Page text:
1395 96 Outlook
•here have long been two main attractions for following sports in the Bluegrass State — horse racing and University of Kentucky basketball
The two are quite similar. To he successful in either, great material, superh conditioning and a top-notch manager are essential. And a little luck, whether it's in the scheduling or the draw, is a must.
When fans measure success in horse racing, many are quick to reel off Kentucky Derhy winners with "Rig Red," Secretariat, the odds-on favorite.
But when University of Kentucky basketball fans measure success, they review the excellent history and tradition of the program. And they also recall the last four seasons under Coach Rick Pitino — four Southeastern Conference Tournament titles, one SEC
Championship, a Final
Four appearance and two Final Eight finishes.
Rut the hopes of the upcoming season are always
prevalent. For the 1995-96 Kentucky Wildcats men's basketball team, hopes for unmatched success on the hardwood are running rampant.
Pitino enters his seventh season at Kentucky with a stable of top-quality athletes. On paper, it's the most talent he's ever coached at the collegiate level. His latest edition returns nine lettermen from a year ago, including three starters, as well as four other Wildcats who have at least two starts on their stats sheets. And even more importantly, there are four experienced seniors to provide leadership.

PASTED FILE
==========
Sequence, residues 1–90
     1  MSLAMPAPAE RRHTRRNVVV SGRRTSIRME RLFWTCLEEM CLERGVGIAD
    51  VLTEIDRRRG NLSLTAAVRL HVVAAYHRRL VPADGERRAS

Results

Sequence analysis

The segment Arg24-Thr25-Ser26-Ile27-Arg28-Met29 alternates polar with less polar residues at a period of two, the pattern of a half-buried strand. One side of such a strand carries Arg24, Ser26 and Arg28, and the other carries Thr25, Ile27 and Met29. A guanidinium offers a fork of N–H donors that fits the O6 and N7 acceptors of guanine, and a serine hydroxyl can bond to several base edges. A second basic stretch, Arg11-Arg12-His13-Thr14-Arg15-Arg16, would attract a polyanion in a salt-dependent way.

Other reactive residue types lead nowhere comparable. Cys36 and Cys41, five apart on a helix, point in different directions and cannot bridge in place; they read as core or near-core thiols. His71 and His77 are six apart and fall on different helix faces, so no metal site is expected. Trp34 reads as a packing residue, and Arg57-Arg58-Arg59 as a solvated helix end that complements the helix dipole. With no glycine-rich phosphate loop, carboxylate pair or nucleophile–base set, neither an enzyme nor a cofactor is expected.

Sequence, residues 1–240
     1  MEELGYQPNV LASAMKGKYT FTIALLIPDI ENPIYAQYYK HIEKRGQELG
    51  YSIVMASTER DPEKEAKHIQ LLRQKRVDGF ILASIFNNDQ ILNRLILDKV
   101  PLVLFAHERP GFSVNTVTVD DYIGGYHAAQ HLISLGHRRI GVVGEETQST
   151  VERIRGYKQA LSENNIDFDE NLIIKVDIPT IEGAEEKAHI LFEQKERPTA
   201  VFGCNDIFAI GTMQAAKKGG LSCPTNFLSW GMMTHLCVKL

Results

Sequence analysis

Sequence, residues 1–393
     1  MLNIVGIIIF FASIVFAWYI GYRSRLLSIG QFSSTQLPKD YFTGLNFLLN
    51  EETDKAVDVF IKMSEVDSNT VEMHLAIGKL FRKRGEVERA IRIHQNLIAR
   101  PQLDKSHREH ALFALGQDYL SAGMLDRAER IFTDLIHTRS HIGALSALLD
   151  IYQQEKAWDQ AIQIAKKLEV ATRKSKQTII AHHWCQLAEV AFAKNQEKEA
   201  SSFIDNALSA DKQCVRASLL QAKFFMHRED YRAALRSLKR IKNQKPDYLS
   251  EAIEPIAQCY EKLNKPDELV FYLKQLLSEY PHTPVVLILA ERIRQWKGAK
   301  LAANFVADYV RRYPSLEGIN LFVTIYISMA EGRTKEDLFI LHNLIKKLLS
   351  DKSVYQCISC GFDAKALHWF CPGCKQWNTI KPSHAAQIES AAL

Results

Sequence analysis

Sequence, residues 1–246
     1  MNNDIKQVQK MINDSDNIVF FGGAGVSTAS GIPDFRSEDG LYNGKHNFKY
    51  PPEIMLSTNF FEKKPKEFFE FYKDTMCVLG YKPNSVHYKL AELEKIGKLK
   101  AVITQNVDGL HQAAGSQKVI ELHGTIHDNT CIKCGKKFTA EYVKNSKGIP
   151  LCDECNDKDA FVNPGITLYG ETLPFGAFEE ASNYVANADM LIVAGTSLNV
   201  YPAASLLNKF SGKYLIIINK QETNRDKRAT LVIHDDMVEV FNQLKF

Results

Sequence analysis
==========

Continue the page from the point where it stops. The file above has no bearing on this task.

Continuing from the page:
Is this the makeup of a championship team, a team that could bring home the roses? "You don't know that until you see them on the basketball court," Pitino said. "If it's a track ^ race or a jumping contest or a combination
letic events, then certainly it is. But is it the best basketball team? You don't know."
This year's talent combines great athletic ability with superb basketball talent. Add a coach with a track record spanning 13 years and whose stats sheet shows that he's won more than 70 percent of his games, and Kentucky is capable of winning its sixth national title. But molding the talents of this Kentucky squad may be one of the biggest challenges Pitino has faced.
"Are we going to be one ball and 10 people uniting and coming together to be a great team," asked the 43-year-old coach, "or are we going to need three or four basketballs? That's the biggest question mark right now. Can this team blend into a cohesive unit without egos standing in the way of this team improving and reaching its potential?"
While talent and experience are the obvious strengths, Pitino says that great teams are made defensively.
"I think we'll develop into a good defensive team," Pitino said. "I think we'll be a big time steal team. We should be very active in our point production too. We'll score a lot of points."
The Cats have averaged 87.0 points per game since the New York